The pursuit of sustained inner peace requires a meaningful change in attitude. When we make these attitudinal changes intermittently, they provide only temporary results and then our intrinsic frustrations, insecurities and worries kick in and we return back to a state where we find ourselves searching for that elusive sense of mental peace. Wanted to discuss one of those fundamental attitude shifts in this article. During this holiday season, I felt an article on being a “Giver” of time, money, love or compassion was especially pertinent.
A Giver is always trying to figure out what they can do for others. “How can I be of assistance?” is the foremost thought for a Giver. A Taker is always trying to figure out how to gain something from the situation. A Giver is spiritually developed while a Taker is not. A Giver listens more than a Taker. A Giver wants to make a difference, while a Taker wants to understand what’s in it for them. Givers see God in people and the things around them while Takers are always seeking attention. Givers give their 100% to whatever they do and are always willing to help someone else, whereas Takers don’t give their all and then whine about their schedules. Givers enrich the lives of the people they meet and make people around them happy, while Takers can be draining. Givers are happy people while Takers are not.
Be a Giver, not a Taker. Givers create happiness for themselves and others around them. The Giving Tree by Shel Silverstein is in my view one of the best childhood stories ever written, with a beautiful way of showcasing a Giver and a Taker. If you haven’t read this one before, I would highly recommend reading it. It is a story about the interactions between a tree and a boy. The boy is a Taker and constantly wants things from the Giving Tree. When he’s little, he wants to climb the tree and play on it. When he grows a little older, he takes the apples the tree produces and sells them to make money, and the tree happily gives him what he desires. When he grows older still and needs wood to build a house, he comes back to the tree with another ask, and the tree gladly offers her branches to him to cut down. This taking from the boy and the giving from the tree continues until the boy becomes and old man and all that’s left of the tree is a stump for him to rest on. The story is brilliant and teaches us an extremely important life-lesson: there is happiness in Giving and sadness in Taking.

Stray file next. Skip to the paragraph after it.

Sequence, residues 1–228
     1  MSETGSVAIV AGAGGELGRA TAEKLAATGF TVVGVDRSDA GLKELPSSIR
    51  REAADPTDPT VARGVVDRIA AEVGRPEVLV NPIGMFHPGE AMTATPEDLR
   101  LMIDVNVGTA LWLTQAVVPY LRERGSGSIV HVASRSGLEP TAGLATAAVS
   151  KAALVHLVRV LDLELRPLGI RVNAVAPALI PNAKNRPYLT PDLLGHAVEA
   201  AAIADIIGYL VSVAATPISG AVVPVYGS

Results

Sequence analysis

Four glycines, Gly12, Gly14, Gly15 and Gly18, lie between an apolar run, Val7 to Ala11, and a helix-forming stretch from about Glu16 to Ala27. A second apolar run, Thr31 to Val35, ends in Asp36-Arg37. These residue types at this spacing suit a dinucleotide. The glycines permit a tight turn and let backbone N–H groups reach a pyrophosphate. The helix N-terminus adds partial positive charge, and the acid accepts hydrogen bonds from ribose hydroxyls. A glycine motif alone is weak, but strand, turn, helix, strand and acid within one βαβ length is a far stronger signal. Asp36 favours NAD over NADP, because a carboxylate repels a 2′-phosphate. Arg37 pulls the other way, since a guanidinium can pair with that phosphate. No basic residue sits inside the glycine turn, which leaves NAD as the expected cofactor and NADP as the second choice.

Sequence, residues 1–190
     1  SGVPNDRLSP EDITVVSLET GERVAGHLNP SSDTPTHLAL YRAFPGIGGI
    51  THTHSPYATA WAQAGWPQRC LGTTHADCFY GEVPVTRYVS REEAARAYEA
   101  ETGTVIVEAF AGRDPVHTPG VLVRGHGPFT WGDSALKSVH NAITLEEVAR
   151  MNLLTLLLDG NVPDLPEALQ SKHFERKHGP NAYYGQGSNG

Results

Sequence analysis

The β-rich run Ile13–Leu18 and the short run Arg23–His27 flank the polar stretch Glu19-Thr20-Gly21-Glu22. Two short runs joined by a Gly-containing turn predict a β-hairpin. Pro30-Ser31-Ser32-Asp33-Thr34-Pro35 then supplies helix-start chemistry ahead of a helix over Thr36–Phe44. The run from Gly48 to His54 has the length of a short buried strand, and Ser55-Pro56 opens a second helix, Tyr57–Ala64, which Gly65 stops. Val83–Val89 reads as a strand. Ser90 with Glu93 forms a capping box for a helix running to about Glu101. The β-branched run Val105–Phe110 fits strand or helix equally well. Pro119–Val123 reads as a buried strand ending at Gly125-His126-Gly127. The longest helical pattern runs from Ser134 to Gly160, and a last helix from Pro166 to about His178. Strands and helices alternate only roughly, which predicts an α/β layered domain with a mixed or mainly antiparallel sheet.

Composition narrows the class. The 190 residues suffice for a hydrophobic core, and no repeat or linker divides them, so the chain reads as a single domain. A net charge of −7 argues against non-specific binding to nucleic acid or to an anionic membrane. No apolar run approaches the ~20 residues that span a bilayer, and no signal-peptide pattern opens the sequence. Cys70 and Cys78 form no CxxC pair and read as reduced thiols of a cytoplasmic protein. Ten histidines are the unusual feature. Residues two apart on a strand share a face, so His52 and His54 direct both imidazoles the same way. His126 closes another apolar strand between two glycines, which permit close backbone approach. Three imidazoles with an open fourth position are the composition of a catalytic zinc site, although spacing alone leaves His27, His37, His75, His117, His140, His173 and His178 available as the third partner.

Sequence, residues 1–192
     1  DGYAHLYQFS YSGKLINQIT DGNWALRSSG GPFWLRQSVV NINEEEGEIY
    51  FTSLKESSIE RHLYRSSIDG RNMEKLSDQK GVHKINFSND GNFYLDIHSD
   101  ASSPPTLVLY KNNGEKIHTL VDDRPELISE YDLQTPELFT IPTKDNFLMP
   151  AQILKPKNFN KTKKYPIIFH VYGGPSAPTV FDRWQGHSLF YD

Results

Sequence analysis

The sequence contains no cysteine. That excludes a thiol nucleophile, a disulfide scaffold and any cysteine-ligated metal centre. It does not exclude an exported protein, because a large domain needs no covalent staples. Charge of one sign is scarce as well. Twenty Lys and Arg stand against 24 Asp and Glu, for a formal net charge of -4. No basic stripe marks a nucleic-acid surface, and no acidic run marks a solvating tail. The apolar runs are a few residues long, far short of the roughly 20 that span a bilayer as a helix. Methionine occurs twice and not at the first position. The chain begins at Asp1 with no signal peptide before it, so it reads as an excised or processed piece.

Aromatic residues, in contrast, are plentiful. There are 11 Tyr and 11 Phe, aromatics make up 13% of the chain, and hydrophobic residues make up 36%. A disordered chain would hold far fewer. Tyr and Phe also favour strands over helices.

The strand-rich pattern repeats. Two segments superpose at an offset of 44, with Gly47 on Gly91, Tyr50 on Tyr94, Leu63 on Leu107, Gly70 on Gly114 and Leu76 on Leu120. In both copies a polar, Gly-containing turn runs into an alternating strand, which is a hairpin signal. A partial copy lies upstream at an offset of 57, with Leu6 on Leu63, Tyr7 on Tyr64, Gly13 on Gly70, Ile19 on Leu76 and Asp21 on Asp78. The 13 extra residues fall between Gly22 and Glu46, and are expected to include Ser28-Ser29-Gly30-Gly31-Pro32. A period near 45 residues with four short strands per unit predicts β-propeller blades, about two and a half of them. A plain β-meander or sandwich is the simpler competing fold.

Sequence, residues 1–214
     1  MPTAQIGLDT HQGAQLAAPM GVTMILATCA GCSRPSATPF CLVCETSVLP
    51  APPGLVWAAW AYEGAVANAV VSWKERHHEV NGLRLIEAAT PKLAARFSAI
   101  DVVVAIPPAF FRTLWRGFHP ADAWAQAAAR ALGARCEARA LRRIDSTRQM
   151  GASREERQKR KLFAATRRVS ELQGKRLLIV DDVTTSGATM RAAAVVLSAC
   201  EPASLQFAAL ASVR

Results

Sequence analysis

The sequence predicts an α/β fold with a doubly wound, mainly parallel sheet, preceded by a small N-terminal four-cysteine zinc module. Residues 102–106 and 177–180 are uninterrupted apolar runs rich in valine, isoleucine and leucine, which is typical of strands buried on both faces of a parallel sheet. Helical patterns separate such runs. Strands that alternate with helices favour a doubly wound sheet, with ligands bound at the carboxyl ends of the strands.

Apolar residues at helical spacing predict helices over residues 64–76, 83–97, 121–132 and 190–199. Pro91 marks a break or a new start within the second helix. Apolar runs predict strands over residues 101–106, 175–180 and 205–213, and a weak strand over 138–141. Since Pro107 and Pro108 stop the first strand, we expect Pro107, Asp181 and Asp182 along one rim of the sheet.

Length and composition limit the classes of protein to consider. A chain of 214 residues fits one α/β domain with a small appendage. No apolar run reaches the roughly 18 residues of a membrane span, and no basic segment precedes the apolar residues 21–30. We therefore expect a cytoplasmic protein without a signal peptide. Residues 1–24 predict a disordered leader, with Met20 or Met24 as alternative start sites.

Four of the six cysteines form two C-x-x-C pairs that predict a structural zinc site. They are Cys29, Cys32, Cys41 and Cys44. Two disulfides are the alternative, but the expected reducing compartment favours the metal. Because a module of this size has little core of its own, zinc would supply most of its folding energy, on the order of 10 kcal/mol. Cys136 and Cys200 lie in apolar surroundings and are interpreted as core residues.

Do I want to be a Giver or a Taker is a fundamental question we should be asking ourselves. The answer is binary and there’s no way to confuse one from the other, especially if our conscience is the judge. Giving for the sake of bolstering our ego or showing off to others is most certainly not in the spirit of this attitude. Most of us love the feeling of giving during the holiday season…irrespective of our religious affiliation. Doesn’t being a Giver during the holiday season, albeit temporarily, make you feel really good on the inside? Having that feeling all year is possible if we embrace the appropriate attitude. Don’t make this attitude change your new year resolution…instead make the change now and consciously stick with it. I guarantee that you will find your general attitude towards life changing as a result of this...more importantly you will start feeling a whole lot calmer and at peace with things and people around you.